“…My frame was not hidden from You, When I was made in secret, And skillfully wrought in the lowest parts of the earth.”
Psalms 139:14-15 NKJV
‘Tip-toe-ing along the backbone of the island…’— that was how the loquacious Jamaican meteorologist described the path of the devastating hurricane, Gilbert, that traversed the island of Jamaica in the Summer of ‘88. That backbone, the ‘Cockpit Country’, takes its peculiar name from its equally peculiar arrangement of hills and deep valleys, covered in lush tropical foliage, at the island’s heart. The mountain ranges and foothills flanking it, span most of Jamaica’s breadth, West to East, incorporating mineral rich rivers and landscape, underground aquifers, vital ecosystems and, most significantly, historic communities dating to the early Spanish and British colonial periods of this third largest Caribbean island-nation.
It takes an extremely inattentive heart to not be deeply moved by the palpable beauty of the Cockpit Country, seen from above. Crossing by plane from the Norman Washington Manley Airport on the South coast of the capital city, Kingston, to the northern tourist port of entry, Montego Bay, can stir tears unbidden, as the soul is prompted by its beauty towards that distant yearning for its erstwhile home in Eden. Here, maybe, one could hope and pray, that nothing of our brokenness and rebellion would be able to trouble…but that scenario has already been cast and played out.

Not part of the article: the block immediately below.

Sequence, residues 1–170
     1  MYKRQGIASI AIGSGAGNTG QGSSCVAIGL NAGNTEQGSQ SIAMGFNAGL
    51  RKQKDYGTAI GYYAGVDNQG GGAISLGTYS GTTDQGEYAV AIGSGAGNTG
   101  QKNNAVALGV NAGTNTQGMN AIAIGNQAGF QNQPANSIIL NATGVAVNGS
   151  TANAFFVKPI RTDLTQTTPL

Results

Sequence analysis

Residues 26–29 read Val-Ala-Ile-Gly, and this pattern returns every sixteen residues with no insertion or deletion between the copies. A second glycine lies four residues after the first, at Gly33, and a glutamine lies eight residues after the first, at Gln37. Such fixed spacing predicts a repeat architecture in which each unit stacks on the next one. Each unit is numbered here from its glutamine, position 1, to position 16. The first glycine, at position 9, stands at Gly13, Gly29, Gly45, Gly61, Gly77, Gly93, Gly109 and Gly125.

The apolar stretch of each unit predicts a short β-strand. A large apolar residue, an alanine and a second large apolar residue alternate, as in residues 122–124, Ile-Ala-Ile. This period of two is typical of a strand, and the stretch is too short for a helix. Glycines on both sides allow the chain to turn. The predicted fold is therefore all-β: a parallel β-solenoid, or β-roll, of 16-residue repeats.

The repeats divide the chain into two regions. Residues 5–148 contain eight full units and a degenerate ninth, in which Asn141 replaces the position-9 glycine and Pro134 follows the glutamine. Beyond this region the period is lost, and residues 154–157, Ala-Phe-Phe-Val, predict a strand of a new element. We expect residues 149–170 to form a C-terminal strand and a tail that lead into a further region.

“”He is the God who made the world and everything in it. Since He is Lord of heaven and earth, He doesn’t live in man-made temples. From one man he created all the nations throughout the whole earth. He decided beforehand when they should rise and fall, and He determined their boundaries. “His purpose was for the nations to seek after God and perhaps feel their way toward him and find him—though He is not far from any one of us.”
Acts of the Apostles 17:24, 26-27 NLT
‘First Name, First People, First Light’